How to overcome challenges in the music industry

How to Overcome challenges in the music industry: David Gideon – Interview

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One of the things that we look at when thinking about soul management is music. When we stopped at Southern New Mexico of the U.S.A, it was to check in at a music house. There, we met another creative person in the entertainment industry: a guitarist, Producer and Director-

David Gideon.



Nice to meet you. Can you tell us briefly about you?

I am a singer and a songwriter from the southern United States. Someone who grew up moving around a lot. I’ve lived in Louisiana, Tennessee, Texas and Florida as a child and later California. Currently, I am residing in southern New Mexico.

How long have you been in the music industry? And what are some of the songs that you have released?

I’m not sure that I’ve ever been “in the industry”. I started playing drums at the age of 13 and was in a few bands with friends in my teens as well as my High School Jazz band. We won some regional competitions and I remember getting to go to Disneyland in Florida to compete. That was my first big “gig”.

I have produced and “released” quite a few albums over the years for myself and others in different musical genres. These are some  few that have been distributed, whether physically or online such as.“Red Boots” ;“Drifter”; “Wings Of An Angel” ; “Choppers” with  Ishi Dube “I Am Here” with Jethro Jeremiah. Also, I have a new video and single that was out on the 1st of June 2019 title “Southwestern Skies” , which, I’m very proud of.

David Gideon
Location is everything when you’re getting established. I am motivated by many things.
How did you get into the music industry? 

By playing music as much as possible. The word “industry” is an elusive term here, which connotes making money. Yes, I have always made money to varying degrees. But never much so, while I consider myself a professional musician, I’m not sure when you can officially say you’re “in the industry”.

What is new in the Music industry of your area, that you know?

I consider “my area” to be the USA as I have lived and played all over the country. Well, I think the most relevant change to the music industry in general has been the fact that music is mostly “streamed” nowadays. Physical CD sales occur mostly at live shows, if at all it does. This has caused a large decline in actual profits for musicians, most “streaming” on platforms pays little to nothing. Even for hugely popular artists, which I am not for now. Touring and merchandise sales represent the only real chance of making any money for a musician nowadays. Even Grammy winning, platinum artists can be broke nowadays due to this reality.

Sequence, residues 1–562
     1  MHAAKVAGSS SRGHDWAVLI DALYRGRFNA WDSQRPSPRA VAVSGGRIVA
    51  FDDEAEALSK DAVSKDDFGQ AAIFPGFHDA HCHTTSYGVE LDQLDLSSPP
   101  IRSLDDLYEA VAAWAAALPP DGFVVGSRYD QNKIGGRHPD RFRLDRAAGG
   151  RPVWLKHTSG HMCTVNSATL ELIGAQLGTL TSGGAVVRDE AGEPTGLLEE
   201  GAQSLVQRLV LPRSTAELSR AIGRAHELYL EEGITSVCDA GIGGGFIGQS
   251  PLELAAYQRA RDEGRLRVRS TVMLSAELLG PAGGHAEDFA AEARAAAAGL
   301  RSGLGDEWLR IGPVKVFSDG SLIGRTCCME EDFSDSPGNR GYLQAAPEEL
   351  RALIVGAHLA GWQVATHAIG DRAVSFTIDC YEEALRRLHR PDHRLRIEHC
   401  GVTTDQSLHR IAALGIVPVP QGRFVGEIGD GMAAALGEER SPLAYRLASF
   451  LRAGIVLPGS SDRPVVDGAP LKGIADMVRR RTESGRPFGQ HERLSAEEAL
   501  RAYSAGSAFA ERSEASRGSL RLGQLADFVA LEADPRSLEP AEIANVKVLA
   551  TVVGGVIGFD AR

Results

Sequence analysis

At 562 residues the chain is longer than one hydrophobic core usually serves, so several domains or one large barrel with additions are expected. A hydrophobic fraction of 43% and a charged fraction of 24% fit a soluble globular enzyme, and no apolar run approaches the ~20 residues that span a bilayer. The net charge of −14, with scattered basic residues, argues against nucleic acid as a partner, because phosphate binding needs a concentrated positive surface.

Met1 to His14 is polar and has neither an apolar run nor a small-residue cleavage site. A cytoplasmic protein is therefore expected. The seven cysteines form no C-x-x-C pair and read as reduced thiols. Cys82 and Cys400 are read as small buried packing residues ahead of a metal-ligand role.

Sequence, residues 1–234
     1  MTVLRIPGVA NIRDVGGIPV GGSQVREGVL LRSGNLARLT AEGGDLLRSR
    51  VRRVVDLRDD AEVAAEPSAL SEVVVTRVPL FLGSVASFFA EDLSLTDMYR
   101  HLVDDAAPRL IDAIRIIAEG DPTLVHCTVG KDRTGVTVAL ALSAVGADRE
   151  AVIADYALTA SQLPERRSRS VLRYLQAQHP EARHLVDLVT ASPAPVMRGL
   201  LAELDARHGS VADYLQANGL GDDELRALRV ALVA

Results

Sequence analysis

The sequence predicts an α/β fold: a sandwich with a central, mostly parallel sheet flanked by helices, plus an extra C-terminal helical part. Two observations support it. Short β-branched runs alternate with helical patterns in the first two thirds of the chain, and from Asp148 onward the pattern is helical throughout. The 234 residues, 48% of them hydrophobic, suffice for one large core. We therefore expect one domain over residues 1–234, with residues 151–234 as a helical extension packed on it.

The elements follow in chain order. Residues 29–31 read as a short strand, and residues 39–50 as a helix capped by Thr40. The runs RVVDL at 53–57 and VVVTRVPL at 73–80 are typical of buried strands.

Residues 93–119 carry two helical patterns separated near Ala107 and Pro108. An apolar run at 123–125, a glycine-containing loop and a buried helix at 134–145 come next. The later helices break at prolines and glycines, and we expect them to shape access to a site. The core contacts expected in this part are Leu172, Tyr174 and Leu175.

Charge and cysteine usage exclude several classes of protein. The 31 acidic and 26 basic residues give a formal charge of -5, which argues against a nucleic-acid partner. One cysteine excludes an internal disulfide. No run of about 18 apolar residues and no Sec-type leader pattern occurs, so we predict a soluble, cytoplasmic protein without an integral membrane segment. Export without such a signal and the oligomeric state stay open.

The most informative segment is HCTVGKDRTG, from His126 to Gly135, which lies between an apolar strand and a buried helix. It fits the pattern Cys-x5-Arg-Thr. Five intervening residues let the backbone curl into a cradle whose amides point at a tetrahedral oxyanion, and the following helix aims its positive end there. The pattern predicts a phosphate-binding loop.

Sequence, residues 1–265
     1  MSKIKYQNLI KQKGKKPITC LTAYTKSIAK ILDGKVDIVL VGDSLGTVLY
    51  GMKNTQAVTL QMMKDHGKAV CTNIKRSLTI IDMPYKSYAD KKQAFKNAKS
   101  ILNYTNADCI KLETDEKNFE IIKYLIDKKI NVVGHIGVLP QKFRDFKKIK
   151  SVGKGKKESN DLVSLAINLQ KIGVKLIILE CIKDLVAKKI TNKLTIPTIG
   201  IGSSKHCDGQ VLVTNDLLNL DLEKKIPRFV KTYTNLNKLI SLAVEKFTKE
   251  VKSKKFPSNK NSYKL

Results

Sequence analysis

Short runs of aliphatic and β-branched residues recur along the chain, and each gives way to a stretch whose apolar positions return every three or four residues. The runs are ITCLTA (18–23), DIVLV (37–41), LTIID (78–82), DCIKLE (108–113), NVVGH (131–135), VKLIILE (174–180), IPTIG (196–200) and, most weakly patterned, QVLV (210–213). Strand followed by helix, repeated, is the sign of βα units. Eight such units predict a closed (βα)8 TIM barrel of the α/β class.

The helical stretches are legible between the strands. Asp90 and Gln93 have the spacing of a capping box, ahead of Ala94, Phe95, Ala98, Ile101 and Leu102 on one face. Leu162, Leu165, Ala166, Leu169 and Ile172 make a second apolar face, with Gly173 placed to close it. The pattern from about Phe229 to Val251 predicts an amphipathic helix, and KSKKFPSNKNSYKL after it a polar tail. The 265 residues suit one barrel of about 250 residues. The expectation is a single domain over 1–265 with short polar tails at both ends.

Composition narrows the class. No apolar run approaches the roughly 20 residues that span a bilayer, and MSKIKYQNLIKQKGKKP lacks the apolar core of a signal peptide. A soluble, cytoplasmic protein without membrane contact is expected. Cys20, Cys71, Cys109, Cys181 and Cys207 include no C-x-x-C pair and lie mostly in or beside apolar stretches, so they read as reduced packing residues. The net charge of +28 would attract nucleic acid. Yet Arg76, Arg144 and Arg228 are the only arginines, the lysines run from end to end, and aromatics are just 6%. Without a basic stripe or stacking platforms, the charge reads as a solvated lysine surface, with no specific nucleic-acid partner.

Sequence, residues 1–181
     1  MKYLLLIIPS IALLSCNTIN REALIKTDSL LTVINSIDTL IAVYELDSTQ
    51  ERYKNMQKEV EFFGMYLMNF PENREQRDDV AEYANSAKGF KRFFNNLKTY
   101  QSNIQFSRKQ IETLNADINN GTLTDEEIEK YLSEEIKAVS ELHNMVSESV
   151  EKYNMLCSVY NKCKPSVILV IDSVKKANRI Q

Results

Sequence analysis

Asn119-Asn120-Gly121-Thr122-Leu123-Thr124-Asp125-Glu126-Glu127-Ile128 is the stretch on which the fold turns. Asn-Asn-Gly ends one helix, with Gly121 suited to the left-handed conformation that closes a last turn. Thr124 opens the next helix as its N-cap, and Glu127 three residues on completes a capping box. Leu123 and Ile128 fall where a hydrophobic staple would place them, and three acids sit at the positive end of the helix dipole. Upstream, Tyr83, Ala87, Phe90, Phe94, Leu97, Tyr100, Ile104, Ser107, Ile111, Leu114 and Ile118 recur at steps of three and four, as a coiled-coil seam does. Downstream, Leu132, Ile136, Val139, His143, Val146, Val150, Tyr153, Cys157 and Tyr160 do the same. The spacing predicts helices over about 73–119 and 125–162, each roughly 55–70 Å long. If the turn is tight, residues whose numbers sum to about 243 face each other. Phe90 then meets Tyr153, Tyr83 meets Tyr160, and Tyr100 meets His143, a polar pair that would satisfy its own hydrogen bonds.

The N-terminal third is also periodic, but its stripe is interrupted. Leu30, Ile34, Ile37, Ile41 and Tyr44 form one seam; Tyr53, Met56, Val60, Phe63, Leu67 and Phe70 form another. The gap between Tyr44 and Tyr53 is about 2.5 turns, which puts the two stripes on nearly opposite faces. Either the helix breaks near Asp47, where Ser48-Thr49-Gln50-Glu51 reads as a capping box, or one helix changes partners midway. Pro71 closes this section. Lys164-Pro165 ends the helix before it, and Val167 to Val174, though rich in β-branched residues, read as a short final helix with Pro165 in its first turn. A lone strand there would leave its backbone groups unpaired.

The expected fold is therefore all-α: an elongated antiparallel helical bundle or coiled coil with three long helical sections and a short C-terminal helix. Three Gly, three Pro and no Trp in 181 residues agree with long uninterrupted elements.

What are the challenges you face and how can one overcome challenges in the music Industry? 

There’s no such thing at any level of the game, no matter how “big” your career gets. There will always be very real challenges. Overcoming the challenges of the music industry would best be achieved by not being involved in it at all.

What is it that stimulates your creativity?

Many things, it constantly changes. One day it could be this and the next it could be that. Mostly, I just don’t want to sound like crap when I play and sing. So, that’s pretty motivating.

As an artist, what is the most important factor when you plan for your music production?

Writing a “damn” good song, Period. certainly, having the money to pay for a professional studio, engineers, musicians, photographers, graphic designers, manufacturing and distribution companies to get it out there helps too.

When you are not producing music what else are you doing?

Exercising. it is important to have a day job though, when getting your career started. I personally found out that, cooking in restaurants was a great skill to acquire and it has served me well in between tours and projects. There is absolutely nothing wrong with working a real job while pursuing music and in fact, it’s the only way your going to eat for quite awhile. Eventually “busking” or playing on the street for tips is a great way to earn extra money while practicing and learning to deliver in front of a crowd. There’s no replacement for it.

What advice do you have for your colleagues in the music industry and to the aspiring musicians especially those coming to the USA for a music career?

Stay off of drugs and booze; work hard and keep practicing with the right people. Don’t bother. It’s a hard life. If you are going to pursue a career; you had better be really, really good or you’re wasting your time. All of that boils down to practice. Also, move to New York, Los Angeles, California or Nashville, Tennessee. Location is everything when you’re getting established.

Thank you!



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